Feedback VS Free-riders
I recommended your story but didn’t even give you a penny. Either I’m virtue signalling… or I’m a free-rider.
Then again, it’s not like it’s easy to give you a penny. In all cases it should be easier, rather than harder, to give each other money.
Let’s say that you spend $10 dollars to buy a ticket for a movie. Does this money count as your feedback on the movie? It can’t be very accurate feedback… given that you provided it before you even saw the movie. We generally don’t give much weight to reviews where the reviewer hasn’t even seen the movie.
But the $10 dollars can count as feedback in the sense that the idea of the movie was relevant enough to your interests that you were willing to pay $10 dollars to see it.
If you see the movie and derive $20 dollars of enjoyment from it then your consumer surplus was $10 dollars. The true intensity of your preference (aka “Love”) for the movie was $20 dollars…. but you only paid $10 dollars to see it. So do you give another $10 dollars to the theater? Or do you paypal the producer $10 dollars? Probably not.
Let’s say that you only derive $5 dollars of enjoyment from the movie. In this case your consumer shortage would be $5 dollars. Except, you probably don’t ask for a partial refund. Because… there’s no way that the theater can tell if you’re being honest. Then again I’m sure plenty of people have hated a movie so much that they asked for a full refund.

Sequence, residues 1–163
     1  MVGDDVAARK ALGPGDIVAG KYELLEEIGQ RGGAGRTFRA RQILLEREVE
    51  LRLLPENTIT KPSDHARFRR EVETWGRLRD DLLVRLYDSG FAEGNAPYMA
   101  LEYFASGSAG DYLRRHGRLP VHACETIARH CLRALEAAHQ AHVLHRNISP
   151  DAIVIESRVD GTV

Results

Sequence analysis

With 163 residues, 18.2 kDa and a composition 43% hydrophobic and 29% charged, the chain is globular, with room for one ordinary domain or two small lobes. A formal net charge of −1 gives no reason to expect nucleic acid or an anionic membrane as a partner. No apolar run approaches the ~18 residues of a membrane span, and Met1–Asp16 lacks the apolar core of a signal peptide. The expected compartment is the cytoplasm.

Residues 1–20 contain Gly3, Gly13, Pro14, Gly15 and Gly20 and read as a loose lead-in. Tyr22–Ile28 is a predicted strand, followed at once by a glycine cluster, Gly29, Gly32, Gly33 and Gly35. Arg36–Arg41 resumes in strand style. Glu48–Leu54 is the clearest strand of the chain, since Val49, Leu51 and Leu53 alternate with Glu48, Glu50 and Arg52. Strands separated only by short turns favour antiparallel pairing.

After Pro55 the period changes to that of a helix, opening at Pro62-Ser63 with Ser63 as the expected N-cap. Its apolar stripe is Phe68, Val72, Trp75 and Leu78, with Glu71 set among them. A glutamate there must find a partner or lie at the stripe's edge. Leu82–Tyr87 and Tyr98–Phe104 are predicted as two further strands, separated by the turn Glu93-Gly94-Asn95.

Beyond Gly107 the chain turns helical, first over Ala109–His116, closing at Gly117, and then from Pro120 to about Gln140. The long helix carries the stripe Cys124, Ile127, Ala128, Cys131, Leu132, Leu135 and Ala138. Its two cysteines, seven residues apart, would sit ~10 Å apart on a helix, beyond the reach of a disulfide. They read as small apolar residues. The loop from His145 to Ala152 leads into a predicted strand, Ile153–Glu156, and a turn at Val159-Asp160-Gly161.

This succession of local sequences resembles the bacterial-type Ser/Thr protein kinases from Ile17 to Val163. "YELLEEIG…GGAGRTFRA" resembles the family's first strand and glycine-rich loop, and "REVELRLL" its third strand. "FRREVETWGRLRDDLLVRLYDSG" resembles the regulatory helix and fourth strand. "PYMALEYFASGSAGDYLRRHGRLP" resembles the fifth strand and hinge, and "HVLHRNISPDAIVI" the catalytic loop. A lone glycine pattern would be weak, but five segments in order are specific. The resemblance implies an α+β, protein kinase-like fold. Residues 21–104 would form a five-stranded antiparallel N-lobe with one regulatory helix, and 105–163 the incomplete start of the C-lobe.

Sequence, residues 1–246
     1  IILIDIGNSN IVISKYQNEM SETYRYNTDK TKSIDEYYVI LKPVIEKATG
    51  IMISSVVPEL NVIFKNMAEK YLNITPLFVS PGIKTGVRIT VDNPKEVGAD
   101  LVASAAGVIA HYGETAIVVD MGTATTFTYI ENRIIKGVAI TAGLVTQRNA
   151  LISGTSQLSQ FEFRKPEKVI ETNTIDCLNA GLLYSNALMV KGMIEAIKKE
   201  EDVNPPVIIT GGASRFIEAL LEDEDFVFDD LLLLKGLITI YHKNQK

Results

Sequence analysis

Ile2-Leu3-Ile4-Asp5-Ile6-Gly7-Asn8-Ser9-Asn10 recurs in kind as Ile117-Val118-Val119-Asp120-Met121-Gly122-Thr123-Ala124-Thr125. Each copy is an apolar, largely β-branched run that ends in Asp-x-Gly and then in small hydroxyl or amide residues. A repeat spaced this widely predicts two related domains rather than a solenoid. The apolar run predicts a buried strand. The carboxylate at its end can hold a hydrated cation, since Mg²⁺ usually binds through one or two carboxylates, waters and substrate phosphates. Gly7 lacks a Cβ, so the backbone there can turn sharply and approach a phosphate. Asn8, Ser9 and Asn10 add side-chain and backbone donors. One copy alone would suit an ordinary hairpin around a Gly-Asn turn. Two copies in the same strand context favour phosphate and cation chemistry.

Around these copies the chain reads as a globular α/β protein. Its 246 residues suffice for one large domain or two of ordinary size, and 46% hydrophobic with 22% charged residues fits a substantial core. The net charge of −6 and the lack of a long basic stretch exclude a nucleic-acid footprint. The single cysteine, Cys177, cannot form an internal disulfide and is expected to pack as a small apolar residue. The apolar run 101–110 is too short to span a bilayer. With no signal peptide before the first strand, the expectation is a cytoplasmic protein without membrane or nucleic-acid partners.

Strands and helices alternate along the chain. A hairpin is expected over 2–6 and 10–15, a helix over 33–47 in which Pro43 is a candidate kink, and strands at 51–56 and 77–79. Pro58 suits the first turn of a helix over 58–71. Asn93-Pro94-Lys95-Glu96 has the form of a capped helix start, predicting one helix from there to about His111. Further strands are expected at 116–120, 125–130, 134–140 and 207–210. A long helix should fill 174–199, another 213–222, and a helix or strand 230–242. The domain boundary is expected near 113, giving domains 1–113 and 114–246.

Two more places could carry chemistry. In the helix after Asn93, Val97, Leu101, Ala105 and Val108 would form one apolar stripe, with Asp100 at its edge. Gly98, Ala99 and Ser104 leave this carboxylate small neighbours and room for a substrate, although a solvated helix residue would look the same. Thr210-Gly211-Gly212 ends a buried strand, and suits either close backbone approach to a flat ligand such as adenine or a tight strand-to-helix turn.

Here’s where it gets intellectually delicious. Let’s say Netflix gave you the option to spend your fees on your favorite shows/movies. Obviously you’re not going to spend your fees on a movie before you watch it. First you’re going to watch the movie and then you’re going to decide how much money to spend on it. You’ll actually be able to make an informed spending decision!
After you watch the movie you’ll know how much you valued it. The question is… how much money should you spend on the movie?!
A. more than your valuation
B. your valuation
C. less than your valuation
I think the correct answer is B.
Personally, I think that Netflix has a severe scarcity of shows about economics. How’s that for irony!
So if Netflix did provide a decent show about economics… then I’d want to spend an amount of money on it that would help to accurately convey my perception of the size of the scarcity.
Except there’s a bit of a catch 22 here.
It’s hard for me to give positive feedback to content that doesn’t, but should, exist.
There’s no reason that subscribers shouldn’t be able to rollover their unspent fees. Then ideally subscribers would be able to earmark their unspent fees to specific categories… such as economics shows. The more unspent fees that are earmarked to economics shows, the greater the incentive for Netflix to create/supply a show about economics. Of course I’d still be able to decide how many of my earmarked fees I spent on the show.
Netflix would essentially be able to see the shape of the unmet demand for economics shows. Ideally, everybody in the world would be able to see the same thing.
Artists should be paid what their work is worth. But it’s important to recognize that… if the free-rider problem wasn’t real… then taxation could be voluntary rather than compulsory.